Finance Minister Arun Jaitley may raise fiscal deficit targets in the upcoming Budget in a bid to give more room for economic growth, according to a poll.
Half of the 30 economists in a poll conducted by Reuters said boosting investment in infrastructure would be the "most pressing priority" for the minister, who will present his third budget next month.
A small number of economists said Jaitely would focus on consolidating the budget or tax reforms, the two issues which are of less importance among the financial community currently.
"We'll take a longer route to consolidation; otherwise the economy would be negatively affected," Reuters quoted Rishi Shah, an economist at Deloitte and one of participants in the poll, as saying.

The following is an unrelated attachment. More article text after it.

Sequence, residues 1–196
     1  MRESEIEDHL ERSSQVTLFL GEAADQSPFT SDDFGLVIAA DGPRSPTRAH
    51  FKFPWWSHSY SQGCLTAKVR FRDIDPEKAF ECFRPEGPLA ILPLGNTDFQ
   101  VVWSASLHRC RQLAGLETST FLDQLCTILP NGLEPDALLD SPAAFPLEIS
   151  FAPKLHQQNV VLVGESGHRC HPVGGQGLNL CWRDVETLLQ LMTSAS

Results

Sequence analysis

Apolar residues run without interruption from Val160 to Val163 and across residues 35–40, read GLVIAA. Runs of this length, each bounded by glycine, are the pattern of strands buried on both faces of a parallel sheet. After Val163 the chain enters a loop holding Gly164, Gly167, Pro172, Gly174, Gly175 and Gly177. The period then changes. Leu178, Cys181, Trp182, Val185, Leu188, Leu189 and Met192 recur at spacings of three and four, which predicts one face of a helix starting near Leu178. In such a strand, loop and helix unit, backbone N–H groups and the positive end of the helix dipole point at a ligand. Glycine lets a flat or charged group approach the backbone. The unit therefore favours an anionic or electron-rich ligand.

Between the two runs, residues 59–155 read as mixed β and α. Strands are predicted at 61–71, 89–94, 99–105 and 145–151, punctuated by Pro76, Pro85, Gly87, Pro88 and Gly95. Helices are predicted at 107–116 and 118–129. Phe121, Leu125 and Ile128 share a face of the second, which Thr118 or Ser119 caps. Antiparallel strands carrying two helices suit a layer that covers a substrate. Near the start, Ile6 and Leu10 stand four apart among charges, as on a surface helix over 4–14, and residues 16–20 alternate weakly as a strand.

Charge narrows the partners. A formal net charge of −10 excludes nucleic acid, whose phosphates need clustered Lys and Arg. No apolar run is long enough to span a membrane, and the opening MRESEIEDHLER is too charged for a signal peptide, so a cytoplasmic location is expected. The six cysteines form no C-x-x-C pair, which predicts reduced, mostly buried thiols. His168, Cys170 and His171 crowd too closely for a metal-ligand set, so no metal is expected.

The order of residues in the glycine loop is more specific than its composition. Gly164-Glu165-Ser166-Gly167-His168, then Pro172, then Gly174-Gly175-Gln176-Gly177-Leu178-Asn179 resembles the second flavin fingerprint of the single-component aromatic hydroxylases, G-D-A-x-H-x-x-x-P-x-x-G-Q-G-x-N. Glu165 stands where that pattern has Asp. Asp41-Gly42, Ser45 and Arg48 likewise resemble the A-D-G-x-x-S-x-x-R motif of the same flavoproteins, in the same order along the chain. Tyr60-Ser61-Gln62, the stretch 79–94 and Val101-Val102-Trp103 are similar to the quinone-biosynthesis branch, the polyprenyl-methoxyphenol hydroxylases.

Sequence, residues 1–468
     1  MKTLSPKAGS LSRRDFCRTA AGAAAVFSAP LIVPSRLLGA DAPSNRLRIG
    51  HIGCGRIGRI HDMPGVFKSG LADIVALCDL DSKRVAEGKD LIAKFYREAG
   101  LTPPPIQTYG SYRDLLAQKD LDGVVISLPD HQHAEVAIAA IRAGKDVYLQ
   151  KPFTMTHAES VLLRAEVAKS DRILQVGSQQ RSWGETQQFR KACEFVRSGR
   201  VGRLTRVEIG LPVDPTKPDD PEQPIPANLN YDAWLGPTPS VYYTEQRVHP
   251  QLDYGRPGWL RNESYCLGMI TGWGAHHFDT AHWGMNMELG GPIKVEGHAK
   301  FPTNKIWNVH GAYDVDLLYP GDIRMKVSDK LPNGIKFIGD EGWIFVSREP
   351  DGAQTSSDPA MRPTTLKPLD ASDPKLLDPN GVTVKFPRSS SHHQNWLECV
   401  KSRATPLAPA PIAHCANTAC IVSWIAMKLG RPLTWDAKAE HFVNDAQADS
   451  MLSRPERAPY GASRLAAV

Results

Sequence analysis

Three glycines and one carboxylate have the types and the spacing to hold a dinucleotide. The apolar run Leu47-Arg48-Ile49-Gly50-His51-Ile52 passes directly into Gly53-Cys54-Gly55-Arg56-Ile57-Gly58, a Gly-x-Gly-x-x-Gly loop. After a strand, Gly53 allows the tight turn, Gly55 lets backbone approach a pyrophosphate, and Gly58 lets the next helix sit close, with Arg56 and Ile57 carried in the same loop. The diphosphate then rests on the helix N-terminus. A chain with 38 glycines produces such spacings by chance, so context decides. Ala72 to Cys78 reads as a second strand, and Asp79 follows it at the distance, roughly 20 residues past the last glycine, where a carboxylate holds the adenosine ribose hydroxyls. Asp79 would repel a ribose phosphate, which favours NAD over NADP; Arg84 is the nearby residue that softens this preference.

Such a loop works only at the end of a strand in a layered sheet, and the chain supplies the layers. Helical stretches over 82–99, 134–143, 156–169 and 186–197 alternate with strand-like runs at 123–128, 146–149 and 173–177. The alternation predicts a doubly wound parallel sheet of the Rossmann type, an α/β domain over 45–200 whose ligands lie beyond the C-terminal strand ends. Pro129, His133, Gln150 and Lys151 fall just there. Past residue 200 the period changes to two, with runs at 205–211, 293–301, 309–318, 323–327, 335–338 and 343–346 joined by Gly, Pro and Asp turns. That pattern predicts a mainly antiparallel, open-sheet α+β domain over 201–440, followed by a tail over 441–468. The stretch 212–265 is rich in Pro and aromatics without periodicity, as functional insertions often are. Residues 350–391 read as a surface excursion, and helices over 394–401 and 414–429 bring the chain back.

A majority of the respondents in the poll said Jaitley should continue as finance minister for at least another year. Jaitley has come under criticism for his "lacklustre" handling of the Indian economy.
Last week, a Reuters report had said Prime Minister Narendra Modi could move Minister of State for Power and Coal Piyush Goyal to the finance portfolio, replacing Jaitley in a major Cabinet reshuffle expected after the annual Budget. Jaitley is likely to be assigned the Defence Ministry in the Cabinet revamp.
Jaitley has also come under fire for failing to get the Opposition's support to pass key tax legislation Goods and Services Tax (GST) Bill in the Rajya Sabha.
Analysts expect the deficit targets to be revised up in the budget even as Modi's top economic adviser Arvind Panagariya said the government should stay away from "tinkering" with the fiscal deficit.
Most of the participants in the poll expect the 2016-17 fiscal deficit to be raised to 3.7% of gross domestic product (GDP) from a previous goal of 3.5%. The target may be revised up to 3.5% from 3% for the following year, according to the poll.
"A typical solution to weak growth and comfortable inflation would be a loose fiscal policy and a tight monetary policy," said Abhishek Upadhyay at ICICI Securities. "The trouble in India is you don't have the fiscal space."